Bamboo on location

So I’ve always wondered what it would be like to film something, you know, really get behind a camera and create a scene, one that reflects the vision you have in your head. Well, today I got it– that feeling that producers or directors or whoever is behind the camera must get, a sense of creating something greater than yourself, outside yourself.

Naturally, I was shooting bamboo ( I mean that’s the whole point of being all the way over here right? Well, besides the shopping of course).  I have decided (or rather Dr. Lantican and I have decided!) that my senior thesis should be based on the creation of a courseware on bamboo, one that can be distributed to local barangays, University classrooms, or to whoever wants to learn about planting bamboo. This way, bamboo trainers don’t have to go to every village and municipality that wants to use bamboo to improve their livelihood– they can learn at their own pace! We’ve been working  the past few weeks on the layout and design and today was the day to shoot the parts we think need video representation!

So there we were, arriving out in the countryside  at Dr. Lantican’s farm just after 2ish and the rain came pouring down the mountain, but hey, it’s the rainy season, so we just waited twenty minutes or so and then it was nice and muddy for us. We had created an outline earlier in the day so we started out right away, luckily we had 3 other people working with us (two to do the digging, planting and cutting and a third to carry around the speaker stand that came up to my chest and doubled as our tripod for the day, while also holding the umbrella over me and the camera!). We were quite the crew, cracking ourselves up over who was going to yell “Action!”, slipping around in the mud, and working our butts off.  Bamboo branches were cut, bamboo poles were unearthed and replanted, holes were dug, lines were marked off– it was a full days work. And the whole time I kept smiling to myself, thinking, “So this is what it feels like to be ‘on location’ and standing behind a camera”. The backdrop of the video shows green, fog encrusted mountains, with bamboo reaching to the sky all around, begging to be planted and processed. It was breathtaking. And by the end of it all I was wet, the mud had crept up past my shoes and was traveling up my pant legs, I was exhausted, and judging by the mirror reflections around me, I think everyone else was pretty wiped as well.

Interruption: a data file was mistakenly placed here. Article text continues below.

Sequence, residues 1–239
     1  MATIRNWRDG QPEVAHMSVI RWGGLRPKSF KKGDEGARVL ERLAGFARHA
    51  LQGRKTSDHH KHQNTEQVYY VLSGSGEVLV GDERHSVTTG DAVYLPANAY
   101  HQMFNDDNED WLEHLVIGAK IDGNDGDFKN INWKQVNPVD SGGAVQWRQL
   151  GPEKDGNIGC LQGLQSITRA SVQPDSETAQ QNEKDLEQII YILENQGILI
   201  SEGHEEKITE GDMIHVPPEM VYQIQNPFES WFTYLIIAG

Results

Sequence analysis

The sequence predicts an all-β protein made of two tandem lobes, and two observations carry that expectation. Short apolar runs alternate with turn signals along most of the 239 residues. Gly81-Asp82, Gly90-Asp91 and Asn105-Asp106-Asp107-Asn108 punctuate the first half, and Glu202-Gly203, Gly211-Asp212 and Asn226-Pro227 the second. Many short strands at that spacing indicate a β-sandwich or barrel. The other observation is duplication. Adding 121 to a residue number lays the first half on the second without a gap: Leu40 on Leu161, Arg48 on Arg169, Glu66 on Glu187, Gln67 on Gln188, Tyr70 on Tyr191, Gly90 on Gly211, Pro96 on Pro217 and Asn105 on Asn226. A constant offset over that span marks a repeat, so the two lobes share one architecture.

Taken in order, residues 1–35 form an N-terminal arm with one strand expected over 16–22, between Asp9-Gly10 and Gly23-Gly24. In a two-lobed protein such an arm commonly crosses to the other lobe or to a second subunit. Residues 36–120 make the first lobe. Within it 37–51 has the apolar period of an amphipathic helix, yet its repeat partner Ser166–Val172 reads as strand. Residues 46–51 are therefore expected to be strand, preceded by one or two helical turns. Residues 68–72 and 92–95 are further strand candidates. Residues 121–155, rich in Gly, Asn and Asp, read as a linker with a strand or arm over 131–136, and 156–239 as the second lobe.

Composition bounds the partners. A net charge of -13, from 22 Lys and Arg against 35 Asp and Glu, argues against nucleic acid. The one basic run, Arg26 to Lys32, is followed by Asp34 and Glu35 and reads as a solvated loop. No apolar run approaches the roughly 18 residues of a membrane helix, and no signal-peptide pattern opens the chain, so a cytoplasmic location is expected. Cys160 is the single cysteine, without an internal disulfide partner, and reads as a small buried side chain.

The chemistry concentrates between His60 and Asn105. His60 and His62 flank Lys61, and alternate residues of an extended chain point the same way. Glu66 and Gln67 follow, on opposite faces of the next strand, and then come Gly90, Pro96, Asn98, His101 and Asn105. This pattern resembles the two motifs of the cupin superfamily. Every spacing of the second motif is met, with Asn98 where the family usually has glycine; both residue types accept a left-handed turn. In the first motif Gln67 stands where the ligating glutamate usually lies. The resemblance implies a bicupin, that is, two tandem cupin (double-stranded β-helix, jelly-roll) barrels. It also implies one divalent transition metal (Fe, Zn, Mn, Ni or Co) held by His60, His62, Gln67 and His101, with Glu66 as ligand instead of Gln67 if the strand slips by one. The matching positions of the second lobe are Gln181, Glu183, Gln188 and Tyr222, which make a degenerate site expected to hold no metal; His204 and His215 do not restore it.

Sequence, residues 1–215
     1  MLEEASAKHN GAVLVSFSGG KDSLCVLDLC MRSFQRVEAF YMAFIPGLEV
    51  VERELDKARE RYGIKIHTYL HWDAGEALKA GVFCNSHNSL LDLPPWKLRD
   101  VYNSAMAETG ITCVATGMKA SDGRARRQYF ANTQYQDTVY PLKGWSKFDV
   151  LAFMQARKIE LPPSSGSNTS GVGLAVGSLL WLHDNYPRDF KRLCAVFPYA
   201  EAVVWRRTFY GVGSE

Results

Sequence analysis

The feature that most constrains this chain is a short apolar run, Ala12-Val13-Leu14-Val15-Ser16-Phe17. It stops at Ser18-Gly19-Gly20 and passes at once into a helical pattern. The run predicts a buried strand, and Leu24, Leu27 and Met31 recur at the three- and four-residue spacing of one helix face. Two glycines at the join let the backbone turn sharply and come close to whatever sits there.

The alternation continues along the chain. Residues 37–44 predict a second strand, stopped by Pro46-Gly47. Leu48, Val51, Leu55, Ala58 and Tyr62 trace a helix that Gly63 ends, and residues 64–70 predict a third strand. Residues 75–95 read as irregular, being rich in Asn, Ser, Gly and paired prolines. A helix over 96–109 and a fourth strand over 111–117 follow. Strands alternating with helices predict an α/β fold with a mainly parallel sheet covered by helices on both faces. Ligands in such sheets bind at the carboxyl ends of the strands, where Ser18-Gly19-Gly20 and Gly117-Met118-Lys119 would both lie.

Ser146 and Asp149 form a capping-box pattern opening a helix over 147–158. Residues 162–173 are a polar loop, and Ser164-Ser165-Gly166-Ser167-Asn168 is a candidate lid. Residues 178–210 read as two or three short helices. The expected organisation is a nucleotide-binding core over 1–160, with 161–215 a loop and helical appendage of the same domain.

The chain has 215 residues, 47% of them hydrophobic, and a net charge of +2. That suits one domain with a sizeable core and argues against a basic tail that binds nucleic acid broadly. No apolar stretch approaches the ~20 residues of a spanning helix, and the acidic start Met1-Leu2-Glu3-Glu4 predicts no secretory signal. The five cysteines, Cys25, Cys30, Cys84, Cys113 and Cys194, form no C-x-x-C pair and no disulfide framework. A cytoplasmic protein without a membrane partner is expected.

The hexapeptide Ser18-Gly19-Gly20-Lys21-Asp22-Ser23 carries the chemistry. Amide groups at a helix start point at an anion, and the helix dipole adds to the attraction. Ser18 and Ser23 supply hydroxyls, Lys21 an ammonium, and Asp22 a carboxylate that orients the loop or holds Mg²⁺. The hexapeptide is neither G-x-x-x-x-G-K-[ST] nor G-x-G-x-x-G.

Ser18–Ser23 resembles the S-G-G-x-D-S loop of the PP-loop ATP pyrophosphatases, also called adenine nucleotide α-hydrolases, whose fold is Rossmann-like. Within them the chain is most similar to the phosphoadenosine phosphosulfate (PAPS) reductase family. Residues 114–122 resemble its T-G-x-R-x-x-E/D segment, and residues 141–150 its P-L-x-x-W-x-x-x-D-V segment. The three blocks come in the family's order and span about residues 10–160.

I don’t care if I sound cheesy, today was an *awesome* day! And I don’t know if I’ll ever get to do something like that again, but I hope so. It felt important- real. Now, if only the editing room looked just as enticing!

Hang gang sa muli,



2 responses to this post.

  1. Look out Sundance! A new talent has arrived!


  2. Posted by Wendy Robinson on July 21, 2010 at 7:52 pm

    I think your next career might be in documentary film making about Bamboo and Bamboo culture. I see it, you are destined to be a star. Hehehe 🙂


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